“Honor one another above yourselves.” Romans 12:10
When I was a young businessman, lunch with my business colleagues was inevitably focused on the subject of how to make more money. Some years later, and I don’t recall exactly when, that began to change – I suppose after we had all attained a certain level of success – our lunch conversations shifted from how to make money to how to make a difference. Fast forward to today, most of us have retired from that competitive business world and devote ourselves entirely to using our time and resources to make a difference, either by going into helping professions as I have done, or volunteering in our communities, churches, and service organizations.
What could have caused such a transformation in our priorities? I can’t speak for my friends, but I know what happened with me. One day it occurred to me that success, in and of itself, did not satisfy the yearning I had for my life to mean something. Most likely they experienced a similar epiphany. Yes, there is a certain satisfaction in accomplishment, but merely achieving a level of prosperity is not enough. This is nothing new, of course. As the writer of Ecclesiastes expressed thousands of years ago, “What does man gain from all his labor at which he toils under the sun? . . . Meaningless! Meaningless! Utterly meaningless! . . . a chasing after the wind.”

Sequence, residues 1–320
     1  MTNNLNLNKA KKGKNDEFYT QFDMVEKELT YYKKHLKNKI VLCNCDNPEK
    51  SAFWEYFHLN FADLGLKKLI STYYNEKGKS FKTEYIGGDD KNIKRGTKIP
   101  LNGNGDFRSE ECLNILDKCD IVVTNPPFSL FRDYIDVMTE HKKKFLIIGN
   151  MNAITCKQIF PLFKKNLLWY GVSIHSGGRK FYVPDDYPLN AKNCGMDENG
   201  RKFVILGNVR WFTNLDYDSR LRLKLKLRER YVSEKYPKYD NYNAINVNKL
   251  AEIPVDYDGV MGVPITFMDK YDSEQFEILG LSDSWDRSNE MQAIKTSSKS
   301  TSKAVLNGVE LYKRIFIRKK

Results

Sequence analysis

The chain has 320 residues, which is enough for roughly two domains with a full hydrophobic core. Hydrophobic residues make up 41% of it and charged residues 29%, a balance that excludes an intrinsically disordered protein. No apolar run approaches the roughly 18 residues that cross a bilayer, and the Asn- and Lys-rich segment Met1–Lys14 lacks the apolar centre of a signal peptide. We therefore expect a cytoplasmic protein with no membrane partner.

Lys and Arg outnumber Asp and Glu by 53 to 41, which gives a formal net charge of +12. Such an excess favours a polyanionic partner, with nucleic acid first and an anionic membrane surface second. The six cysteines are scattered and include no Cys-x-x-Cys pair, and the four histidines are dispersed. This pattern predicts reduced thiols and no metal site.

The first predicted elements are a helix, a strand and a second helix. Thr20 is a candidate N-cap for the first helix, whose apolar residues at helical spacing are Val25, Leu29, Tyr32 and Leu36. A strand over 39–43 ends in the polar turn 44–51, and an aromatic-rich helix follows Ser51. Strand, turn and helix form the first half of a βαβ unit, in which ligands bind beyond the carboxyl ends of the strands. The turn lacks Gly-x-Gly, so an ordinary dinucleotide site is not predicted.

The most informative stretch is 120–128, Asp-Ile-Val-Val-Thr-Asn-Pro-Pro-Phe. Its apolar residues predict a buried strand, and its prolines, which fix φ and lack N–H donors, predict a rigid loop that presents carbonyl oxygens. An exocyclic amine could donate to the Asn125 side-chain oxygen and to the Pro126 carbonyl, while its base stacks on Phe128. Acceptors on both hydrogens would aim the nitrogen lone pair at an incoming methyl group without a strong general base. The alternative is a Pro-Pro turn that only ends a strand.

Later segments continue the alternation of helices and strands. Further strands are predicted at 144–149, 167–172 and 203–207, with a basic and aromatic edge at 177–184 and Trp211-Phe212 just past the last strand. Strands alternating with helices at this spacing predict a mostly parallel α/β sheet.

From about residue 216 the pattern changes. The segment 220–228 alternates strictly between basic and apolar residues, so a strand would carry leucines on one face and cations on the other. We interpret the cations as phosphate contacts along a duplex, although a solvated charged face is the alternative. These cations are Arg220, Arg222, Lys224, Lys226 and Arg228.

Our labors and our successes are not meaningless, of course, when we shift our priorities toward making a difference rather than simply making money (or other earthly pursuits such as personal recognition, awards, academic degrees, or political power). As my friends and I began to realize, it is about turning our attention away from ourselves to helping others.
It has been said that Benjamin Franklin spent the first half of his life becoming successful and accumulating wealth. The second half he spent investing his time and resources in making a difference. Not that any of us can compare ourselves to the business successes or contributions to mankind of this great Father of our country, but he certainly set an example to follow. For in the end the only thing that can truly satisfy the yearning for our lives to mean something is to follow the teachings of the Apostle Paul, that is to “Honor one another above yourselves.”